We initially thought someone had told Michael Phelps they were going to beat him in his next race.

After all, what else could possibly make the American superstar burst out into such a fit of laughter?

Turns out we were wrong.

As Phelps stood on the podium after winning his 20th Olympic gold medal with a dominant performance in the 200m butterfly final on Wednesday - the likes of which we've come to expect from the biggest beast in the sport - the crowd at Rio's Aquatic Centre went nuts. It was the only reaction fitting for a once-in-a-lifetime swimmer.


He was welling up. It was difficult to tell if any saltwater escaped his eyes but the emotion was clearly there. He'd already told his junior teammates at these Games to let their emotions out - cry if you feel like crying, sing if you feel like singing.

Well, Phelps obviously felt like laughing, because that's what he did.

With the gold around his neck and the US national anthem playing, something made the 31-year-old lose it.

At first there were more questions than answers - social media wanted to know what had caught his attention. It looked like he pointed to someone in the stands and started giggling uncontrollably.

We have an explanation.

Phelps is from Baltimore. Apparently, the city in Maryland is known for being the birthplace of The Star Bangled Banner.

Fans of Baltimore's baseball franchise the Orioles have a tradition where at a certain point in the anthem - the "O" at the start of "O say does that star spangled banner yet wave" - they too yell out "O" in unison.

Whereas they might be silent during the rest of the anthem, that's the one point everyone in the stands yells out with gusto together. Head to the one-minute mark in the video below to see what we mean.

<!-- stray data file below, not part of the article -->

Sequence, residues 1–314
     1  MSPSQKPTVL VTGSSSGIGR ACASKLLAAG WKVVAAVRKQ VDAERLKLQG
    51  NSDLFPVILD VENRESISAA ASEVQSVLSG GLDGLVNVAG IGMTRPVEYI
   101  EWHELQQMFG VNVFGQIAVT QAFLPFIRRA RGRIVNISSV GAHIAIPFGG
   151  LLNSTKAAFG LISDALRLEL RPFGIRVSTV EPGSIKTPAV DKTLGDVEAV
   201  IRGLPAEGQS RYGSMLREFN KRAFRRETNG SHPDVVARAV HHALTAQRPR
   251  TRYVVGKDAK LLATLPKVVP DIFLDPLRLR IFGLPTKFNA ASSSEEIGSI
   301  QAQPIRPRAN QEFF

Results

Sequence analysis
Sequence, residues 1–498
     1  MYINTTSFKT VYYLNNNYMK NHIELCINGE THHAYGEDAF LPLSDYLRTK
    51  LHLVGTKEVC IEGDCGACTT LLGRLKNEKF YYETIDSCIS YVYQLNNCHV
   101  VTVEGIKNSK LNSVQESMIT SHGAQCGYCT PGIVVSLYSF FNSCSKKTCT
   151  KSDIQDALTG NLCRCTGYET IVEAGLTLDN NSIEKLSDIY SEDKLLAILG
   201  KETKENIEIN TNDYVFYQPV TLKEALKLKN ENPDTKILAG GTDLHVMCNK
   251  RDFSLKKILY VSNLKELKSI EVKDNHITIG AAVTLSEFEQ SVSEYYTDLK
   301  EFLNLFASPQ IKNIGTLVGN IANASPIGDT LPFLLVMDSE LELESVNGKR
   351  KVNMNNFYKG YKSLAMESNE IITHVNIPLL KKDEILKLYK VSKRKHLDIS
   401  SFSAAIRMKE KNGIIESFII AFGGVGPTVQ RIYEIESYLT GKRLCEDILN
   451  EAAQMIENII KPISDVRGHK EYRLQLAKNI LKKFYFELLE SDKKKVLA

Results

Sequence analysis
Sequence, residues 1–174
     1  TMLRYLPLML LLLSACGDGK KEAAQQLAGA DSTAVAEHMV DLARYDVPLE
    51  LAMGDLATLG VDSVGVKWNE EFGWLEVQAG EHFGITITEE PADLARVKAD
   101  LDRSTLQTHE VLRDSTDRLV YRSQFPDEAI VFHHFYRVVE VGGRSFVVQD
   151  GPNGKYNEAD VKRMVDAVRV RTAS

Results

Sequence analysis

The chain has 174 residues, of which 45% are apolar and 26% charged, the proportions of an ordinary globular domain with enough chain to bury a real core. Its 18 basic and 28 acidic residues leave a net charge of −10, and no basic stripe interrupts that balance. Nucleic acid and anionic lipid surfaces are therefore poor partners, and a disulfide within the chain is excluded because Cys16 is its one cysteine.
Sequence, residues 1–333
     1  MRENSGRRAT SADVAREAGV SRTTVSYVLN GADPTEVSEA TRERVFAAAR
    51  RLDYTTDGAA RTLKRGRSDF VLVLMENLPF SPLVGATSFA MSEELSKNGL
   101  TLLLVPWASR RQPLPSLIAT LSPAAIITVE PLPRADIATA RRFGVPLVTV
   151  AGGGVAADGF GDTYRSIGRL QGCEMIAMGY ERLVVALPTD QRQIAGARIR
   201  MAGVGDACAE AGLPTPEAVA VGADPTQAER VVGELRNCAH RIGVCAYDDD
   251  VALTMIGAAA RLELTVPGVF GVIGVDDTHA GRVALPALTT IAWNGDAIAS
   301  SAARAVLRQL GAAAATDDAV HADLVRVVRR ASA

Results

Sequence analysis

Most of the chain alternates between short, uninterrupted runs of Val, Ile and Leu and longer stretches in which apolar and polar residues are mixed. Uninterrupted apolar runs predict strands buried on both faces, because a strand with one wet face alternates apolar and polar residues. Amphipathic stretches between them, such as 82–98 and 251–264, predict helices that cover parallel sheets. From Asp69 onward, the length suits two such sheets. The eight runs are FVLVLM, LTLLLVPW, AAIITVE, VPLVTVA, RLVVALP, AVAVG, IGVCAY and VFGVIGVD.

Well, some of Phelps' friends in the stands did the same thing. Sure, they might not have been surrounded by Orioles fans, but in solidarity with their mate and one of Baltimore's favourite sons, they thought they'd continue the tradition anyway.

Cue Phelps' laughter.

Competing at his fifth Olympics, there were question marks over whether Phelps would dominate like he has in the past. We needn't have worried.

He surged ahead at the start of his pet event. When it looked like he wouldn't be able to hold on to his lead, he surged again. In the final stages of the last 50 when it looked like he'd be caught by Japan's Masato Sakai (silver) and Hungary's Tamas Kenderesi (bronze), he surged for a final time.

It was enough.

Phelps sat on the lane rope with a solitary finger in the air - he was number one.

And he was number one again about half an hour later.

He anchored the US team's 4x200 freestyle relay and added another gold to his haul. Afterwards, he sat on the starting block and waved his hand in front of his throat, indicating to the world he was completely cooked.

He looked exhausted. He stayed sitting and kept his head down, only looking up to accept the well-wishes and thanks of his teammates.

They were well deserved thanks. We might never see another like him.